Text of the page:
One of the most powerful terms used in world
sport for decades, but least-known amongst most swimmers, is the
mental state called 'the zone'.
This is the mental state which produces super-human performances, amazing times and winning streaks.
Any swimmer or athlete who is in this state is virtually unbeatable at their respective level of competition - and at the elite level, you witness world records well and truly smashed.
A swimmer who is in the zone experiences an unusual feeling of effortless power, allowing the swimmer to feel as if their body is powered by a turbo-charged engine, and they find their body gliding and cutting through the water with minimum effort and awesome power.
The strange part about this is - this powerful performance does not feel as if it is being controlled by the actual swimmer! In fact, they often report feeling as if they weren't responsible for the swim at all - as if their body was being guided and directed by a more powerful force (and this is exactly what is happening).
Almost every swimmer at some stage in their career has experienced this feeling to some extent, and then wondered afterwards "how did I do that?" This is the mystery that surrounds the zone - why does it appear so fleetingly, and then disappear just as quickly as it came? And most of all - why can't we access it all the time?
What is the powerful force which is guiding the body during this period? The answer is the sleeping giant that resides inside all human beings - the subconscious mind, the source of all bodily movement which also stores all past swimming memories and experience.
When a swimmer is 'zoning', their conscious mind becomes quiet (the normally busy, chattering mind we use all the time), and this allows their more powerful subconscious to run their performance on 'automatic pilot', in the way a computer runs software.
This allows their strokes to flow much easier, effortlessly increasing speed and power in a way that could never be matched by conscious thought.
This means that when you are in the zone, you have virtually no thought going through your mind whatsoever, your body is just swimming on automatic-pilot, powered directly by your subconscious mind.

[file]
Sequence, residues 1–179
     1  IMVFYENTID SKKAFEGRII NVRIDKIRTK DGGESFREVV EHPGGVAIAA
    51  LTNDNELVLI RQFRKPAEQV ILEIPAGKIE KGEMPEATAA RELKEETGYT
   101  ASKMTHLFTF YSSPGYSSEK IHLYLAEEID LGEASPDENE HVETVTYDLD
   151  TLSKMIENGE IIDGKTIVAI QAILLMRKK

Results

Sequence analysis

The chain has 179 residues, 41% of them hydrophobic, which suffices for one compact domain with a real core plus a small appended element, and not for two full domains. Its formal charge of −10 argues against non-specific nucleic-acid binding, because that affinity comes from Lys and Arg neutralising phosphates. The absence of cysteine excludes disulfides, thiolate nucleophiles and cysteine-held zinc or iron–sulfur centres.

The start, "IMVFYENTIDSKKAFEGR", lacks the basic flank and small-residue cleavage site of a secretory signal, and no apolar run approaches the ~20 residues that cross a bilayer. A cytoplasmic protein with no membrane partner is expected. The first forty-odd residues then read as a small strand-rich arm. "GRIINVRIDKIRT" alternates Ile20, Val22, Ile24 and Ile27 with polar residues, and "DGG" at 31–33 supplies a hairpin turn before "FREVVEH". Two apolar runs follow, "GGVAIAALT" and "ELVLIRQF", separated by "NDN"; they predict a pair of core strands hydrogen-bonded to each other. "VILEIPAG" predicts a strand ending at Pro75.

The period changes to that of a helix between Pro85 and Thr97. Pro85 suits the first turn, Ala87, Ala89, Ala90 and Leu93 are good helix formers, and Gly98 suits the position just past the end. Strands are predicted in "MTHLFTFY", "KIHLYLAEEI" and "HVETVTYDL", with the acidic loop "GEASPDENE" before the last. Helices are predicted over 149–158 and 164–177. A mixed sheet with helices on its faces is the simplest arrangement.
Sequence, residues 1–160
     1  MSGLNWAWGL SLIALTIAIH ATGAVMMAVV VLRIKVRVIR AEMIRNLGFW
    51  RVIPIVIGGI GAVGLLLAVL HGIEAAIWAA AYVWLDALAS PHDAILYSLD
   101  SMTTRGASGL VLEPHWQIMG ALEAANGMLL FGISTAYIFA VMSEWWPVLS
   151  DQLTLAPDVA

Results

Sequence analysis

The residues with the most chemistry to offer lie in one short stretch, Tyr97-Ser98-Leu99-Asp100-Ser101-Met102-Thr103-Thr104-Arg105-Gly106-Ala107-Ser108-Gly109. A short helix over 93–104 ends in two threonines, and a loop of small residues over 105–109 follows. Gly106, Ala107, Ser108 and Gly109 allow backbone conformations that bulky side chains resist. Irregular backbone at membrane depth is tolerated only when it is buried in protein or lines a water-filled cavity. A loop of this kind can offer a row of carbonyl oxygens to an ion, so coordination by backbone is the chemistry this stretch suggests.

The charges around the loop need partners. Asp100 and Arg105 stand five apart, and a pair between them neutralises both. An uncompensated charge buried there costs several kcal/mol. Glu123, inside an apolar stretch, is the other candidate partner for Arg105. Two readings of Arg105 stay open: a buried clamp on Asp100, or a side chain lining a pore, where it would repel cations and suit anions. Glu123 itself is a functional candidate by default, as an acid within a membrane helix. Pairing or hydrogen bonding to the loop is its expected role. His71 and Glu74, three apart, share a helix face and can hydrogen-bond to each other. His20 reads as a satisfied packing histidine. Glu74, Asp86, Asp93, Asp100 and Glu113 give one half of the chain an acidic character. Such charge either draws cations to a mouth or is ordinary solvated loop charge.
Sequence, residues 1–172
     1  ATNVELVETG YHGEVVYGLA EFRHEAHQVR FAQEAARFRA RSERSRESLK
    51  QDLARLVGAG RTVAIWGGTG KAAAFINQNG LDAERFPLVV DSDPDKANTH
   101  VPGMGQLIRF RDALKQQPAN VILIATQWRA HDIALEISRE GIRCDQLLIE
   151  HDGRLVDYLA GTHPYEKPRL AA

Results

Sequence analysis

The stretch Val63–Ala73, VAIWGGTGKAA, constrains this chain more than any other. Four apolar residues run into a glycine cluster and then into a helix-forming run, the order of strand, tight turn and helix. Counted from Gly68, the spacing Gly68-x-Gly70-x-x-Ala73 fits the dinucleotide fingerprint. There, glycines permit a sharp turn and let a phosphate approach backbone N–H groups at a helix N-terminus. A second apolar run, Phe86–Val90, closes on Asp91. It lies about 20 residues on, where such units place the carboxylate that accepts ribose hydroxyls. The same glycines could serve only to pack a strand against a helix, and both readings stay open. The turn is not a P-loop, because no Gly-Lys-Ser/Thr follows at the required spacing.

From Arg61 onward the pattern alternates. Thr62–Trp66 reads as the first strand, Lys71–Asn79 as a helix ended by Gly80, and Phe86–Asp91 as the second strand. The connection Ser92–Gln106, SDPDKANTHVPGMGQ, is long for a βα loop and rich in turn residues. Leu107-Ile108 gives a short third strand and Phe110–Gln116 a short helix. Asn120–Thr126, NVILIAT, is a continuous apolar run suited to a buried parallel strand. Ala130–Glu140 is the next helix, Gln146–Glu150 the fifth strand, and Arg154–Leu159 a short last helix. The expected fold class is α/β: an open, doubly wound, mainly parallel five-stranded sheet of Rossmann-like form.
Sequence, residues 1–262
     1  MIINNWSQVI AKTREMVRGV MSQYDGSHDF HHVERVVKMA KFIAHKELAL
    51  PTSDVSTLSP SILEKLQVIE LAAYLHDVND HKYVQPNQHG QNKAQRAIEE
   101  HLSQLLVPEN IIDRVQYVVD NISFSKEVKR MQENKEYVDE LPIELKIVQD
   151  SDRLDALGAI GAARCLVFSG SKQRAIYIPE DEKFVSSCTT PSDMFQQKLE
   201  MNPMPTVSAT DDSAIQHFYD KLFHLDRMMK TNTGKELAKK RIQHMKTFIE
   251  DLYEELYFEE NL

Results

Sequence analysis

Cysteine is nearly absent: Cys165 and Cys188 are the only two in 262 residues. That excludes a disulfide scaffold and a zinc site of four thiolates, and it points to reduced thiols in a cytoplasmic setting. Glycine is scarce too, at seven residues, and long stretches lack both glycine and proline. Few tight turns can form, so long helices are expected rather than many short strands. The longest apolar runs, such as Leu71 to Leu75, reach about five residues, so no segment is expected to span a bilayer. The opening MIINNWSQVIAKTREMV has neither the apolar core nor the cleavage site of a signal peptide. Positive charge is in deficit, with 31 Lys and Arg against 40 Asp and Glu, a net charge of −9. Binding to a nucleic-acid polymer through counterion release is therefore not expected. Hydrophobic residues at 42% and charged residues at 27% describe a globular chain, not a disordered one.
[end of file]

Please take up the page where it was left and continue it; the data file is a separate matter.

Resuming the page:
This is not to say that your body is swimming without instruction, on the contrary, it is simply getting its instructions from a more powerful and reliable source.
So how do we get into the zone? Everyone must find the method that best suits their needs, but here is an excellent description sent to me by a swimmer about how he manages to enter this state before a race:
"In some of the best races I have ever swum, I do some very odd things and I was wondering if you have heard of this. First I just try to clear my mind of everything. Then I get this weird feeling of being almost inside my brain. It feels kind of like when you try to take a nap in the middle of the day, when you close your eyes and you just lay there in a mode of thoughtlessness.
I get into that mode, and then I begin to get cold and tired before my swim. Then right before my swim I just go into a total focused mode where I pay absolutely no attention to anything around me except the blocks and my race. I seem to snap out of it 30 seconds before my swim.
When I get up on the block I mentally slow everything down. Like in the movie the 'Matrices'.I start to feel like I can do anything, things that I would not normally be able to do. Then I take my mark slowly and go. It feels so weird. When I saw the movie the 'Matrices' it was amazing because it seemed like that was exactly what I had been doing for the past two years before a swim.
It took me a while to master the mental thing. When I started I had to do it for at least 30 minutes before my swim but know I do it for about 2 minutes before I swim".
This was his method, and I suggest you experiment with this technique in training, and try to master the best method for you to use in your future races.
The zone is a very powerful state, and can help you reach beyond your limitations to achievements you may have never realized were possible. Try it, explore it, master it, and then show the world what you can do!
The best of success,